"Okay! As we continue our guitar journey, we need to talk about how you're going to be attacking the strings. And I'm going to recommend that you use a pick." David's tone is upbeat and encouraging, as always, and he seems to be looking right at me -- his ability to make eye contact with the camera is uncanny. Propped on his right thigh, his acoustic guitar looks like a natural extension of his body.
I have my (borrowed) guitar on my lap as well, and have set out a few picks on my desk. Though I've watched hundreds of guitarists perform over the years -- and I have David's example right in front of me on the computer screen -- I'm having a hard time figuring out how to even hold the instrument. In the previous lesson, "How to hold the guitar," David emphasized that I should hold it close to my body so it doesn't "dance around", and also that I shouldn't hunch or lean over the guitar. But these instructions seem somehow incompatible with my (female) anatomy. Nevertheless, I've moved on to "How to hold the pick."
I began to explore online guitar lessons as an extension of my research on Guitar Hero and Rock Band. As anyone who's paid attention to media coverage of these games already knows, Guitar Hero players are constantly being exhorted to "lrn2reeltar", so I thought I'd take up the challenge. A YouTube search led me to David Taub; he posts some lessons there as teasers for the extensive guitar curriculum at nextlevelguitar.com. I can't embed David's NLG lessons here because the ones I'm discussing are only available by subscription; as with traditional private instrumental lessons, my virtual guitar lessons cost money (although they are much, much cheaper than private lessons; I'm paying $75 for three months of unlimited access to the video curriculum). "How to hold the pick" is Lesson 11, and it's almost 11 minutes long.
Why would it take someone 11 minutes to explain how to hold a guitar pick? Here are my initial fieldnotes from Lesson 11:
Early on he really focused on the tactile nature of the pick -- especially the fact that it might be slippery, and therefore picks with raised letters might be an advantage at first. He asked the cameraman to zoom in on the pick and demonstrated subtle differences in the angle of the tip. He showed that you should hold the pick tight enough that you can't pull it out with your other hand, but not super-tight because it's important to stay "natural". This reminded me of two things -- how jewelry sales clerks explain how a ring should fit (you shouldn't be able to pull it right off), and those exercises where you close your eyes and feel/describe all the sensory qualities of a raisin (except there's no eating the pick at the end). By zooming in on the pick and talking about texture, slipperiness, tension of the grip, etc. David really encouraged a lot of physical awareness and sensitivity to subtle differences in picks or pick-related technique. I wonder if a face-to-face teacher would just physically correct the student instead, or hold his/her hand up to the student's hand.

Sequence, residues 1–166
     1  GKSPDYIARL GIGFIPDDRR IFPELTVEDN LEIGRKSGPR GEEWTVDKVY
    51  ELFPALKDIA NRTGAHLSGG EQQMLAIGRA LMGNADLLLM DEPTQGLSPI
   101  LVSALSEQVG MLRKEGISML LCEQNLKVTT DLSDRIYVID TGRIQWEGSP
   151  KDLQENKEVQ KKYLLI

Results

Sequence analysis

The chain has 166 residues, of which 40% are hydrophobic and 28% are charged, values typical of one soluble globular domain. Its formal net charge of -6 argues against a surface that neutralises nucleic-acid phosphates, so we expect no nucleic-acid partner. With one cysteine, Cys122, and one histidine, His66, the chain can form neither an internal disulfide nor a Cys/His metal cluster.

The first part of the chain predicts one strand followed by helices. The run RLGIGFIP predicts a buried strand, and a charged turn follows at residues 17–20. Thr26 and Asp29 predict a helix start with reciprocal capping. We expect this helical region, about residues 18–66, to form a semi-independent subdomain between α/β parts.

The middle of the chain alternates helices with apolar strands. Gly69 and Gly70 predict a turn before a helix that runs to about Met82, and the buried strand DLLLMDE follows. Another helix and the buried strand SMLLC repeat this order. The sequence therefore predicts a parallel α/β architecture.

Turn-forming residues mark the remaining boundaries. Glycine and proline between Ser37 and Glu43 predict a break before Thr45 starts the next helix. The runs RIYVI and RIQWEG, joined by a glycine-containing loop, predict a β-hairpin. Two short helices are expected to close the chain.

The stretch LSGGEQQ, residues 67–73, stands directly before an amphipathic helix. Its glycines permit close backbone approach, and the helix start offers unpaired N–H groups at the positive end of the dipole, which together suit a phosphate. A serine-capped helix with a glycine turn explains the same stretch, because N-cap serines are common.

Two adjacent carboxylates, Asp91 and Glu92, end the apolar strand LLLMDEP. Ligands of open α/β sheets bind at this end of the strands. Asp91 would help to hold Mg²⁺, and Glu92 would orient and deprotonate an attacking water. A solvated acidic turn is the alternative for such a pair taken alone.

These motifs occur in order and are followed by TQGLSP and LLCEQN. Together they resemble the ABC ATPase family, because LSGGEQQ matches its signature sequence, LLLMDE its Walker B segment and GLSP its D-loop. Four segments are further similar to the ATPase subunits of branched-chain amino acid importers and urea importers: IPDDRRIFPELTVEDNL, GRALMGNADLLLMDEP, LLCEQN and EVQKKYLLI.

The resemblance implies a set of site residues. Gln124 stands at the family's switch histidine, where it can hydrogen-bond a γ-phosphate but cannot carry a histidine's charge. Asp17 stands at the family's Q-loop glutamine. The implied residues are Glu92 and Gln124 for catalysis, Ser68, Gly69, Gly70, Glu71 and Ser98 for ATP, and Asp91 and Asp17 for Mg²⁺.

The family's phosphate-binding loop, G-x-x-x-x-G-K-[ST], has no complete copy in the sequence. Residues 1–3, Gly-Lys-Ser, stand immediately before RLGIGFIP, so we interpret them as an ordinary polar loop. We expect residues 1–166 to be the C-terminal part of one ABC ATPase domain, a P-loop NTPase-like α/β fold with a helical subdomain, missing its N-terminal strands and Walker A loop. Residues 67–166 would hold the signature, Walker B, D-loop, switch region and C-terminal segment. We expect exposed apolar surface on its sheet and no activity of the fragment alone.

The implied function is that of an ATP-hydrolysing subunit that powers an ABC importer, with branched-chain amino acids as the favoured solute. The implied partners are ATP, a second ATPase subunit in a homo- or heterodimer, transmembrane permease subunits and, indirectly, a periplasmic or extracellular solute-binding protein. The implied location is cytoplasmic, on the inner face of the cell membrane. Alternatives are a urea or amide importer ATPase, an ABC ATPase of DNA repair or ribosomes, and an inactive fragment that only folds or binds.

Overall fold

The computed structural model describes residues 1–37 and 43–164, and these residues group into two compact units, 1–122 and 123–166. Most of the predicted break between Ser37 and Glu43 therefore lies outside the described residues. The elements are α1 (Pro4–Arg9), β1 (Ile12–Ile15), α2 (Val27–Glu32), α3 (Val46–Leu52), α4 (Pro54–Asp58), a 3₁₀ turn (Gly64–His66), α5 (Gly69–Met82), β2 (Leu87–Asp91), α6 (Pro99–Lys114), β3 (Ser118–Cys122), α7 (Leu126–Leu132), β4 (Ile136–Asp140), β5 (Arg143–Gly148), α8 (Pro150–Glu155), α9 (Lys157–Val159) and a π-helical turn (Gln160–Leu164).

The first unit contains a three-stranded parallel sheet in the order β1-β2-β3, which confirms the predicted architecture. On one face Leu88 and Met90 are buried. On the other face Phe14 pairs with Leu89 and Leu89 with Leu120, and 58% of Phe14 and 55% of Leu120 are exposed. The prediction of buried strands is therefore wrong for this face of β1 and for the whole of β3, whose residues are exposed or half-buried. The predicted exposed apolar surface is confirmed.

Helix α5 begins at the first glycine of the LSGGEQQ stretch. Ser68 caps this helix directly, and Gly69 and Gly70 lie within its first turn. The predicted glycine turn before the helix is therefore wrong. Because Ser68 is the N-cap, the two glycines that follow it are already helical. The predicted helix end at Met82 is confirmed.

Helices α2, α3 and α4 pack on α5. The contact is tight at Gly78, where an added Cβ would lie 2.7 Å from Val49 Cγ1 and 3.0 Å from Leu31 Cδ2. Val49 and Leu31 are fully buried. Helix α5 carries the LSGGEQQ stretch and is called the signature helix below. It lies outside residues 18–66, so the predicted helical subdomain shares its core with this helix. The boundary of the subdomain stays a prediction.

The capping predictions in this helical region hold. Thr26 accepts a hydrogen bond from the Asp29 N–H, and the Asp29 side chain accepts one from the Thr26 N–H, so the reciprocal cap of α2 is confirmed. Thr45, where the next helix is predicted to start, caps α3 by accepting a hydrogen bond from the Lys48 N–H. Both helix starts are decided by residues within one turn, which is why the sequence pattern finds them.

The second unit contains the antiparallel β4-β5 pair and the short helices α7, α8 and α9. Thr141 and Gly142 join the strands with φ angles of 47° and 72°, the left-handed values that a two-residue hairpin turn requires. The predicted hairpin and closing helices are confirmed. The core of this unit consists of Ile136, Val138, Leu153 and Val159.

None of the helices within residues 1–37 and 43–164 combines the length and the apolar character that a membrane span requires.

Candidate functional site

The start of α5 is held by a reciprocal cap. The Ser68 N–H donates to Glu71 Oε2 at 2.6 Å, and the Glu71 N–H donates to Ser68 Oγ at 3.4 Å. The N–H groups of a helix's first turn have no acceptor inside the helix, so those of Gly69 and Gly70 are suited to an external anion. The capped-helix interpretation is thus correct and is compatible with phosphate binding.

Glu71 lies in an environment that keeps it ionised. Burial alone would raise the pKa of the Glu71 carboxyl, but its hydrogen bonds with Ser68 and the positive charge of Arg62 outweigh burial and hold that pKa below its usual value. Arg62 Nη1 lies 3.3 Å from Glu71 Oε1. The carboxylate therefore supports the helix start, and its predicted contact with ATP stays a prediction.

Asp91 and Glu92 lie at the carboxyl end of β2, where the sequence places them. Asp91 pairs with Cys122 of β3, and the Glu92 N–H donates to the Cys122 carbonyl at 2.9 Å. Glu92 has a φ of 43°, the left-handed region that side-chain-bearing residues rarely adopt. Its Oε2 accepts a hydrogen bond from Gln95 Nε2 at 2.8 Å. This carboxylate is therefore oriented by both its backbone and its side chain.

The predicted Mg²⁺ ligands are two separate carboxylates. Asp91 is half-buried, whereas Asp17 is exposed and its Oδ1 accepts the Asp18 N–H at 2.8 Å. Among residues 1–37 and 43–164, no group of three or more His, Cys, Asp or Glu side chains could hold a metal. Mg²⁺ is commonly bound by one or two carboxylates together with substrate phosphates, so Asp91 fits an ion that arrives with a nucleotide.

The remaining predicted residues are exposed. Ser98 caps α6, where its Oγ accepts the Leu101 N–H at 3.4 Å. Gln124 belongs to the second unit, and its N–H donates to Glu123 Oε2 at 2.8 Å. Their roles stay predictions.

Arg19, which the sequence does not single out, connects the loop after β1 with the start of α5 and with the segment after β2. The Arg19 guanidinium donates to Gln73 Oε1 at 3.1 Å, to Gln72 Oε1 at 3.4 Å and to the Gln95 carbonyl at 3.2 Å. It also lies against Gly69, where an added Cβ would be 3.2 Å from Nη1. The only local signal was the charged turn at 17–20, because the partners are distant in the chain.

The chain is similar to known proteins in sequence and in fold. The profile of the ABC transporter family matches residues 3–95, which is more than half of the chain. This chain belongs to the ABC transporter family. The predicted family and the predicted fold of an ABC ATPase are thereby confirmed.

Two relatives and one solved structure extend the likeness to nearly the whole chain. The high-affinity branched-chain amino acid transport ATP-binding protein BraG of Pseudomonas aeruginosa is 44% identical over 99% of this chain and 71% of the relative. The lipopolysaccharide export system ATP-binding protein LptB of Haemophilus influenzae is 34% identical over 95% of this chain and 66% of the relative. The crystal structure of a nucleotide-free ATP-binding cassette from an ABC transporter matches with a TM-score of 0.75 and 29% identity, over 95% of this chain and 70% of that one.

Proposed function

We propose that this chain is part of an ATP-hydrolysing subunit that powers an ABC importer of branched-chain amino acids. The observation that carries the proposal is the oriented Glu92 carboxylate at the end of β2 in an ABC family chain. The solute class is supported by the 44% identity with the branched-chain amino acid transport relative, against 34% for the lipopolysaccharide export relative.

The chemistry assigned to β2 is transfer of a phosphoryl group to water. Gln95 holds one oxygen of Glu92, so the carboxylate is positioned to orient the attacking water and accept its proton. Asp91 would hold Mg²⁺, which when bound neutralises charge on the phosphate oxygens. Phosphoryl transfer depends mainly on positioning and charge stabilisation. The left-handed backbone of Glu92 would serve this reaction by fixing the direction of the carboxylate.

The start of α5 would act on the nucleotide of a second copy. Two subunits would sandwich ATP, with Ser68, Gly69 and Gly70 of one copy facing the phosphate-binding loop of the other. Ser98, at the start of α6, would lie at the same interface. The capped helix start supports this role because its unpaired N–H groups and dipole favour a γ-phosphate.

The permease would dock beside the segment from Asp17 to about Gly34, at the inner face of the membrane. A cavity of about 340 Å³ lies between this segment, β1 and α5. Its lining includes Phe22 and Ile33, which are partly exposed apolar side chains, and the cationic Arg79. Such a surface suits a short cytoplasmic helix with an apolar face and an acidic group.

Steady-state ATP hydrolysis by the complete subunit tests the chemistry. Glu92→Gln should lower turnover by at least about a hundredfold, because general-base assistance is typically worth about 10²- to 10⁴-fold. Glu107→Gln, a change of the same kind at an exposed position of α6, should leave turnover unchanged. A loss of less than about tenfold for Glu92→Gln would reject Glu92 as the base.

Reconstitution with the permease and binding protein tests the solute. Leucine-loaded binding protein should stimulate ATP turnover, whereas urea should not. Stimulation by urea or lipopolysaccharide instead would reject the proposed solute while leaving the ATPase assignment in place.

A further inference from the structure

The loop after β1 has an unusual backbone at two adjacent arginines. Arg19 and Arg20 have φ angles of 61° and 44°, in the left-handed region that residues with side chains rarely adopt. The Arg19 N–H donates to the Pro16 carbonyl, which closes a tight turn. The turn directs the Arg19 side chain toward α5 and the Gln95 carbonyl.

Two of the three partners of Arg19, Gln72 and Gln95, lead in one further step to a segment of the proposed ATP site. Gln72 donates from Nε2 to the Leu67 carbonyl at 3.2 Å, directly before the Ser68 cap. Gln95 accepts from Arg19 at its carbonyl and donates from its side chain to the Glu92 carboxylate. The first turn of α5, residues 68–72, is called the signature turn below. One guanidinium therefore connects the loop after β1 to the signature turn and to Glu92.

My previous guitar-playing knowledge was derived entirely from Guitar Hero. Laugh if you will, but as I've been exploring in my research blog and a recent article, there really are some technical basics that cross over. (For instance, the distinct roles played by fretting hand and strumming hand -- when I first started playing Guitar Hero, positioning the fretting hand in advance of hitting the strum bar felt quite counterintuitive to this pianist/clarinetist.) However, since a Guitar Hero controller has no strings and the strum bar isn't detachable, the game didn't give me any advance training on holding a pick. As I followed David's directions and (in subsequent lessons) tried some vigorous strumming, it was surprisingly difficult to hang onto the thing. Paying attention to texture really did make a difference: the raised letters on one pick gave me crucial tactile feedback, both for judging the right amount of tension between my fingertips and for feeling when the pick was sliding around in my hand.
I can't say how or whether David's Lesson 11 was different from the way an in-person lesson might unfold, but I suspect that a typical private instructor wouldn't spend 11 minutes encouraging me to just explore what the pick felt like in my hand -- and if I were paying by the hour, I might feel cheated if s/he did. I'd certainly feel more anxious about having my pick go flying across the room, too. Having taken more online lessons now, I know that the total absence of performance anxiety is one major difference between this learning experience and the private piano and voice lessons of my teenage years: after all, I'm alone in my living room. Except that I'm also not alone, because at any moment I can click over to the NextLevelGuitar forum and seek advice and encouragement from other students, or send David a question, or do a YouTube search to see how other guitarists hold the instrument or the pick. And if I want an audience, I can post a video of my playing to the NextLevelGuitar "Audio/Video Showcase" -- "If you just started to learn to strum 2 weeks ago or applied something you learned from David's Intermediate advanced or a video song lesson we would love to see it. Any haters will be banned immediately in this section..." 1,894 posts in that section so far, and a wealth of crowd-sourced feedback. I could get to like this "real guitar" thing.